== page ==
Where Do Knee Revisions for Infection, Fracture, and Other Revisions Get Treated?
ABSTRACT Complicated knee revision procedures require specific expertise that may not be available across the healthcare network. Teaching hospitals appear to perform more knee revisions overall than urban or rural hospitals. We examined the location of care and payer status for all knee revisions including complex revisions (infection, periprosthetic fracture). Although only 39.7% of all primary total knee cases were performed in teaching hospitals, over half of all knee revisions were performed in teaching hospitals. Knee revision procedures, including treatment of periprosthetic infections and fractures are performed more often in teaching hospitals than in urban and rural settings combined. Reimbursement that does not match the cost of care for complex revision and infection cases may have a disproportionate impact on teaching hospitals.
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ABSTRACT: A national database was used to evaluate the risk for manipulation under anesthesia (MUA) after total knee arthroplasty (TKA), the association of demographics and comorbidities with needing MUA, and the risk of revision TKA after MUA. Of the 141,016 patients who underwent TKA, 4.3% required MUA within 6months. Age under 50years (OR: 2.79, P<0.0001), age 50-65years (OR: 2.03, P<0.0001), and female gender (OR: 1.12, P<0.0001) were all associated with increased rates of MUA. In patients under age 65years, smoking (OR: 1.47, P<0.0001) was associated with an increased rate of MUA. Patients who require MUA within 6months after TKA have a significantly increased risk of early revision TKA (OR: 2.43, P<0.0001). Copyright © 2015. Published by Elsevier Inc.The Journal of Arthroplasty 06/2015; DOI:10.1016/j.arth.2015.01.061 · 2.37 Impact Factor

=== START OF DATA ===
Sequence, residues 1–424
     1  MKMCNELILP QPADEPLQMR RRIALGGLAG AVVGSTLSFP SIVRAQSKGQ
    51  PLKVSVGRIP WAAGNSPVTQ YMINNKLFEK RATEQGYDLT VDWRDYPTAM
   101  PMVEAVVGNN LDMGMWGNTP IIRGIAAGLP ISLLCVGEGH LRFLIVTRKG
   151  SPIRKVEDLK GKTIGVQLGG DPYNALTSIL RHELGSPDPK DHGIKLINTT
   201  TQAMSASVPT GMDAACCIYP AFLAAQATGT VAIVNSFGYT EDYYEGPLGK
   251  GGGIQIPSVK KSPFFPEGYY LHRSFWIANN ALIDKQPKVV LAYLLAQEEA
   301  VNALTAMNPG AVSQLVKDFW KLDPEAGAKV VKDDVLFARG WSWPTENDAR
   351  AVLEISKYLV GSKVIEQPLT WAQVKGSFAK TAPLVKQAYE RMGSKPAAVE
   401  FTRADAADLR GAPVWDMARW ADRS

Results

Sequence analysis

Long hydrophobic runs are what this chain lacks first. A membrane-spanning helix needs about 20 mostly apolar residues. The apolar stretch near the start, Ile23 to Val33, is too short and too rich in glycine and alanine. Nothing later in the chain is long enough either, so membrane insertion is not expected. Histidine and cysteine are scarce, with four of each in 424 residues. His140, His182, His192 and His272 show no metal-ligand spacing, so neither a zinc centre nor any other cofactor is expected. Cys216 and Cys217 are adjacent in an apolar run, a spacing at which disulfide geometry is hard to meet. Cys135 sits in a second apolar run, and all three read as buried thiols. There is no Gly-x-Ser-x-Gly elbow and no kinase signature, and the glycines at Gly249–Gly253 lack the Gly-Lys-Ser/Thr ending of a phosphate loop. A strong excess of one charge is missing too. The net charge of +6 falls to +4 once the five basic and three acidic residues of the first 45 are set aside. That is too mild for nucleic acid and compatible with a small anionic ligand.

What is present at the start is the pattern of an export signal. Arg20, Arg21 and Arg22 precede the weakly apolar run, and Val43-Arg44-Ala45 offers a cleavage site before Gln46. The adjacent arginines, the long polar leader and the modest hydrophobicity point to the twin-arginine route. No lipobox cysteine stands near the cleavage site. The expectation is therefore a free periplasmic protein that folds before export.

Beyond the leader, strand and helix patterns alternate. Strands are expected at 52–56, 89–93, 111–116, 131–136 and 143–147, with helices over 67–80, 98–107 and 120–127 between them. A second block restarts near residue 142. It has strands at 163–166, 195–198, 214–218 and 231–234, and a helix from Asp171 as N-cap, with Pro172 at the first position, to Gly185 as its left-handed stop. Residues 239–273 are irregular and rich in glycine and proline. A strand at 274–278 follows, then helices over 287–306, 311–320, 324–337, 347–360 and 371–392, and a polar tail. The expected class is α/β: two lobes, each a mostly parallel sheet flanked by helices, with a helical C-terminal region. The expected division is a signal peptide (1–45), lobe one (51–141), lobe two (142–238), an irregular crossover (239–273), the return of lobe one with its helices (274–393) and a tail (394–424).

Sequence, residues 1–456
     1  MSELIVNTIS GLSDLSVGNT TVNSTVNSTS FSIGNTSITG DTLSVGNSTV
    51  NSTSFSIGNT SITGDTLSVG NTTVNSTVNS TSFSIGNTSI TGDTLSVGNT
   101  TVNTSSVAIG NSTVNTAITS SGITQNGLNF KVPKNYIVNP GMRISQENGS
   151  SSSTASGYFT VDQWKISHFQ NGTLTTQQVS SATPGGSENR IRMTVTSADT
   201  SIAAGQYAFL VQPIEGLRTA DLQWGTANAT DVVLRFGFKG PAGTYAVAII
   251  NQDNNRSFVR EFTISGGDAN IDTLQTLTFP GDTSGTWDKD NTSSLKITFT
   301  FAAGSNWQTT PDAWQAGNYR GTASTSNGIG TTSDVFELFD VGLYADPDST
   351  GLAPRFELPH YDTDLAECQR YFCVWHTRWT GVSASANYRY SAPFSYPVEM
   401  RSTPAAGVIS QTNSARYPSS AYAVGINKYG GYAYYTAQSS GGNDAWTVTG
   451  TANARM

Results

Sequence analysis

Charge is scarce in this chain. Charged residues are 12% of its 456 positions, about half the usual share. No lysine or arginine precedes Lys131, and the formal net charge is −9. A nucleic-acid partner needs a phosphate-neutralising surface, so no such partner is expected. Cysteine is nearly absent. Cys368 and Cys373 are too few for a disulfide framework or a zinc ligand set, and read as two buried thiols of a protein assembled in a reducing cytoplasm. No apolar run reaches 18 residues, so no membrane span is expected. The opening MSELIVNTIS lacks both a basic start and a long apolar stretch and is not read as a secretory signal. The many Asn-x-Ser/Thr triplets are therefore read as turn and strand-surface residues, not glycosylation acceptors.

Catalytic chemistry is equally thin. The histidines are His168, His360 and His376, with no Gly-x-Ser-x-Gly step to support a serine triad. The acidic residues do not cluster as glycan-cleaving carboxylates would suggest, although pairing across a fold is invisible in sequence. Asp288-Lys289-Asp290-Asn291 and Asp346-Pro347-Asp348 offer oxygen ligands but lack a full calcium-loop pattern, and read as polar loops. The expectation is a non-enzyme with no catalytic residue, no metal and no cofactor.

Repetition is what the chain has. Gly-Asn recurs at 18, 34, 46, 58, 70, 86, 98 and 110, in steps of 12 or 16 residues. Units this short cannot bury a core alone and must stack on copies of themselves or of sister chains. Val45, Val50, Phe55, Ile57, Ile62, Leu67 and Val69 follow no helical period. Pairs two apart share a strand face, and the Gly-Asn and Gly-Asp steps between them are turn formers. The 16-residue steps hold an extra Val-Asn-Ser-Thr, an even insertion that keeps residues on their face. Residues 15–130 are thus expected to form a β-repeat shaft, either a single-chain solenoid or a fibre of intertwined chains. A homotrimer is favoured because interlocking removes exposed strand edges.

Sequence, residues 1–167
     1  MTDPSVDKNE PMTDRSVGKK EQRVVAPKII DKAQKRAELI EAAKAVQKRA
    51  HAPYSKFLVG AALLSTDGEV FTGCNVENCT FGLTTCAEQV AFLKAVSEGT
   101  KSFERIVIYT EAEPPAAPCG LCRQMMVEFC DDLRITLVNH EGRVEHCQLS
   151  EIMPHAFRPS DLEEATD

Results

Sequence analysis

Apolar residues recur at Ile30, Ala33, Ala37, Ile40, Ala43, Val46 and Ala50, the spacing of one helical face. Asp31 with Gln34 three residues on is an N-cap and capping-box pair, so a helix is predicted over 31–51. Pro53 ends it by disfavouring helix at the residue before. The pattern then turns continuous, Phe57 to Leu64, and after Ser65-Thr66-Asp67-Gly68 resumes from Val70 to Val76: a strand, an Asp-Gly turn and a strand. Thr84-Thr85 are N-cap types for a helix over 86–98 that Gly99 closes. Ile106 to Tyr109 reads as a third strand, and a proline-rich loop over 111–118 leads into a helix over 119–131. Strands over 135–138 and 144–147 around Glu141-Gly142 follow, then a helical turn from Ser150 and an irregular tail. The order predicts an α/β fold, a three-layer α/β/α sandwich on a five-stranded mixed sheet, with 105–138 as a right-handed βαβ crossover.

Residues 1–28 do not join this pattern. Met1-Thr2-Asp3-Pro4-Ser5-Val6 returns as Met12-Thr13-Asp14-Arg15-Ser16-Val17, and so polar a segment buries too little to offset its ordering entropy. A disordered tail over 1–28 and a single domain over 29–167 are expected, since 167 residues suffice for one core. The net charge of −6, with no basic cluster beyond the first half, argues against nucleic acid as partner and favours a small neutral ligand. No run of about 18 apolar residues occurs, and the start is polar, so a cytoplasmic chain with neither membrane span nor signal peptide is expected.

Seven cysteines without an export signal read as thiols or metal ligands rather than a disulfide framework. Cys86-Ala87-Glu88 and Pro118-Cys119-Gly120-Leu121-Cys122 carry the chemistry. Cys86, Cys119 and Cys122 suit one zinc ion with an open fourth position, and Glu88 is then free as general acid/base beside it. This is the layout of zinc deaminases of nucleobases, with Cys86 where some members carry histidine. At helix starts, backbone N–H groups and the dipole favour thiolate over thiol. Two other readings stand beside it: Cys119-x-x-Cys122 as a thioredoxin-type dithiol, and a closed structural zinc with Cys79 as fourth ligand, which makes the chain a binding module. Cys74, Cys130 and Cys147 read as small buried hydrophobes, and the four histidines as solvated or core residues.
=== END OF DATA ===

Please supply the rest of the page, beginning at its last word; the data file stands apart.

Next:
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ABSTRACT: Periprosthetic joint infection is a hot topic for investigation because it represents a challenging clinical problem with considerable burden for patients, institutions, and health systems. Despite our substantial knowledge, many details in prevention, pathophysiology, diagnosis, and treatment of infectious complications following total knee arthroplasty remain to be controversial with the available evidence being insufficient and at times conflictive. This manuscript is an attempt to approach the most recently published literature regarding the aforementioned details and aims to provide the reader with an updated perspective in the management of periprosthetic joint infection of the knee.Current Reviews in Musculoskeletal Medicine 04/2014; DOI:10.1007/s12178-014-9217-z